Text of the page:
Joseph Clark

Brief Life History of Joseph

When Joseph Clark was born in 1796, in England, United Kingdom, his father, William Clark, was 32 and his mother, Frances Sarah Wingrove, was 20. He married Rachel Watkins on 24 November 1823, in Gallia, Ohio, United States. They were the parents of at least 6 sons and 1 daughter. He died in 1848, in Morgan Township, Gallia, Ohio, United States, at the age of 52.

Photos and Memories (1)

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Family Time Line

Joseph Clark
1796–1848
Rachel Watkins
1802–
Marriage: 24 November 1823
Joseph Clark
1824–1865
Lorenzo Clark
1826–1903
William W Clark
1828–1903
James Jonathan Clark
1830–1882
Leonidas Clark
1835–1912
Frances S A E Clark
1837–1900
Andrew A Clark
1842–

Sources (3)

  • Joseph Clark, "Ohio, County Marriages, 1789-2013"
  • Joseph Clark in entry for Leonidas Clark, "Ohio Deaths, 1908-1953"
  • Joseph Clark, "Ohio, Marriages, 1800-1958"

World Events (8)

1800 · Movement to Washington D.C.

While the growth of the new nation was exponential, the United States didn’t have permanent location to house the Government. The First capital was temporary in New York City but by the second term of George Washington the Capital moved to Philadelphia for the following 10 years. Ultimately during the Presidency of John Adams, the Capital found a permanent home in the District of Columbia.

1801 · The Act of Union

The Act of Union was a legislative agreement which united England, Scotland, Wales, and Ireland under the name of the United Kingdom on January 1, 1801.

1812

War of 1812. U.S. declares war on Britain over British interference with American maritime shipping and westward expansion.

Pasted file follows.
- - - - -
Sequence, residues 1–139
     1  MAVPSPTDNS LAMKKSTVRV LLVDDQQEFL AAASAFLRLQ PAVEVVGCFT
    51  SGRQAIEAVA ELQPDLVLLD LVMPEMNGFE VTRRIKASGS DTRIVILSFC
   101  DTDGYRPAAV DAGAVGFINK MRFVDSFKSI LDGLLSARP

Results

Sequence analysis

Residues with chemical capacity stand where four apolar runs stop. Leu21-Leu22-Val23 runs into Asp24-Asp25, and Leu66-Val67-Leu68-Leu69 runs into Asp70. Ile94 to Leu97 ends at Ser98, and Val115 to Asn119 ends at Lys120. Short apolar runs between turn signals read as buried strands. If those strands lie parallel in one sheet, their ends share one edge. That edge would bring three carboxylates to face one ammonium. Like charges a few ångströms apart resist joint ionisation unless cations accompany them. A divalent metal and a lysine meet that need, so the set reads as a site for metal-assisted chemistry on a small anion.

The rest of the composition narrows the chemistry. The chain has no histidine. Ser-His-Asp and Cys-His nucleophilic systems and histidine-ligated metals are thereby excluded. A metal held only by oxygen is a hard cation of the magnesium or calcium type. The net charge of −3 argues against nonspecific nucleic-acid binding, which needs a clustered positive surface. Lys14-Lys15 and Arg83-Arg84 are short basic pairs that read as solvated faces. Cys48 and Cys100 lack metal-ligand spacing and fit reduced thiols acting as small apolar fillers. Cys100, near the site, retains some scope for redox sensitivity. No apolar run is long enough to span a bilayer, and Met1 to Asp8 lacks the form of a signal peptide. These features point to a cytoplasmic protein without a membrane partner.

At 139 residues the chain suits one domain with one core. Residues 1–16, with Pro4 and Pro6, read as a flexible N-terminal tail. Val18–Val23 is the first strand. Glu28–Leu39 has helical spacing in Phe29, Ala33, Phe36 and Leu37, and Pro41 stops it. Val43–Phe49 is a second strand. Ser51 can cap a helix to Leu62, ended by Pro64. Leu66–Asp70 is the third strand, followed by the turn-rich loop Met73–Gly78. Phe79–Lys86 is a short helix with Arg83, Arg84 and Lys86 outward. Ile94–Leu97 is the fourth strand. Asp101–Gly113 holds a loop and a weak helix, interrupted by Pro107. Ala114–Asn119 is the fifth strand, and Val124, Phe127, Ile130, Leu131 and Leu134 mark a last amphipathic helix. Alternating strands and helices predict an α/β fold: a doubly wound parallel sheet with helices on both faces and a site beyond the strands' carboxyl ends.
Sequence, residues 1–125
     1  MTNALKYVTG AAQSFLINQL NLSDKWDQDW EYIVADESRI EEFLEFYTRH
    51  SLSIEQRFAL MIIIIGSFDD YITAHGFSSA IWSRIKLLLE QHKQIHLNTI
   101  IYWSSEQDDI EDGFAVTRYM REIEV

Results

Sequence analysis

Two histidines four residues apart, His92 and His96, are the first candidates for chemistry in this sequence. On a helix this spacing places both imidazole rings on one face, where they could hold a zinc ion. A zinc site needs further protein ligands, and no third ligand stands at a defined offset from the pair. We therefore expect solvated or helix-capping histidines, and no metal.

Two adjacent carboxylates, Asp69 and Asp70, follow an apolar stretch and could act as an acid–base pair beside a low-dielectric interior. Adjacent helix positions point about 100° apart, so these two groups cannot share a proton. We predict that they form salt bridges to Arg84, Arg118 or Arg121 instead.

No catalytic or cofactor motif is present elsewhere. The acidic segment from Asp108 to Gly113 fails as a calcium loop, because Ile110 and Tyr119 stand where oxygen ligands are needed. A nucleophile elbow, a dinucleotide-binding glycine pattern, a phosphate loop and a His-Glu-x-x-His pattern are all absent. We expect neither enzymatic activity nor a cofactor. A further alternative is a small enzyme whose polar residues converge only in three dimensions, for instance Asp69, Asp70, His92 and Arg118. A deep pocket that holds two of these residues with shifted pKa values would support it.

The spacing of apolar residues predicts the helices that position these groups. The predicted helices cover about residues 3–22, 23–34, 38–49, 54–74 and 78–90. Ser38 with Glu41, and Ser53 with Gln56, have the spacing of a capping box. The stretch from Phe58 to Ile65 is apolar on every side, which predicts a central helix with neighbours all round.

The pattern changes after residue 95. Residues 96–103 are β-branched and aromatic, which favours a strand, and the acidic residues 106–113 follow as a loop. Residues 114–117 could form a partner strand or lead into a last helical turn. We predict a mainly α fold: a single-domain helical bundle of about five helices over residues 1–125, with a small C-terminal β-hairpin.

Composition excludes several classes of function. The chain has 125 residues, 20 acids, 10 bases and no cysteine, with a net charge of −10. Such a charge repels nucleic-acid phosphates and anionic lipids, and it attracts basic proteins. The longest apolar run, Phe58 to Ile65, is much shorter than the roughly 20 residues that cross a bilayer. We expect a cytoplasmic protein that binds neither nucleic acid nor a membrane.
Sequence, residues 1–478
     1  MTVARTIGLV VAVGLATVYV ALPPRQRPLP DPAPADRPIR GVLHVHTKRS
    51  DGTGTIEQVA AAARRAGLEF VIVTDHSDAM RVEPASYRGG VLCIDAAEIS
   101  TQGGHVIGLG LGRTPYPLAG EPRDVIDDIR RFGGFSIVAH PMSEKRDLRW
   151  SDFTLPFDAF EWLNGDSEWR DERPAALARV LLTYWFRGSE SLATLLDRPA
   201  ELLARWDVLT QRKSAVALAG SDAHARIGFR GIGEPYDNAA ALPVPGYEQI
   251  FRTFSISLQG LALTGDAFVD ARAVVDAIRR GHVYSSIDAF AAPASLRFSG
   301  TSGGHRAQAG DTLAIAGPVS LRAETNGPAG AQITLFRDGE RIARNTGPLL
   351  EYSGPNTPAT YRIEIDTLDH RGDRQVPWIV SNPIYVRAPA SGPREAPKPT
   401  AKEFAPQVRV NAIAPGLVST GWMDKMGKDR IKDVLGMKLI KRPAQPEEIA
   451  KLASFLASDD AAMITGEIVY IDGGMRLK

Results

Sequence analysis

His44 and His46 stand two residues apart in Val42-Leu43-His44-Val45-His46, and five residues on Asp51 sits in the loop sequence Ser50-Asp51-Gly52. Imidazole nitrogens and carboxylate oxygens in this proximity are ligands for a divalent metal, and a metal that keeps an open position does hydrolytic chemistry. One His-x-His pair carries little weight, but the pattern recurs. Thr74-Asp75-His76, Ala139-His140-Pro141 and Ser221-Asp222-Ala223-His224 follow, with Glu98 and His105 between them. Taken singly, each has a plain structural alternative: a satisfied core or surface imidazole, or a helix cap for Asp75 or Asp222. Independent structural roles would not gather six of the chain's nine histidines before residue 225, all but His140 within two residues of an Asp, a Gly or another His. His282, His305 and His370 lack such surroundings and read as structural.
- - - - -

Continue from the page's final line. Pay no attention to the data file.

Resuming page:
Name Meaning

English: from Middle English clerk, clark ‘clerk, cleric, writer’ (Old French clerc; see Clerc ). The original sense was ‘man in a religious order, cleric, clergyman’. As all writing and secretarial work in medieval Christian Europe was normally done by members of the clergy, the term clerk came to mean ‘scholar, secretary, recorder, or penman’ as well as ‘cleric’. As a surname, it was particularly common for one who had taken only minor holy orders. In medieval Christian Europe, clergy in minor orders were permitted to marry and so found families; thus the surname could become established.

Irish (Westmeath, Mayo): in Ireland the English surname was frequently adopted, partly by translation for Ó Cléirigh; see Cleary .

Americanized form of Dutch De Klerk or Flemish De Clerck or of variants of these names, and possibly also of French Clerc . Compare Clerk 2 and De Clark .

Dictionary of American Family Names © Patrick Hanks 2003, 2006.

Possible Related Names

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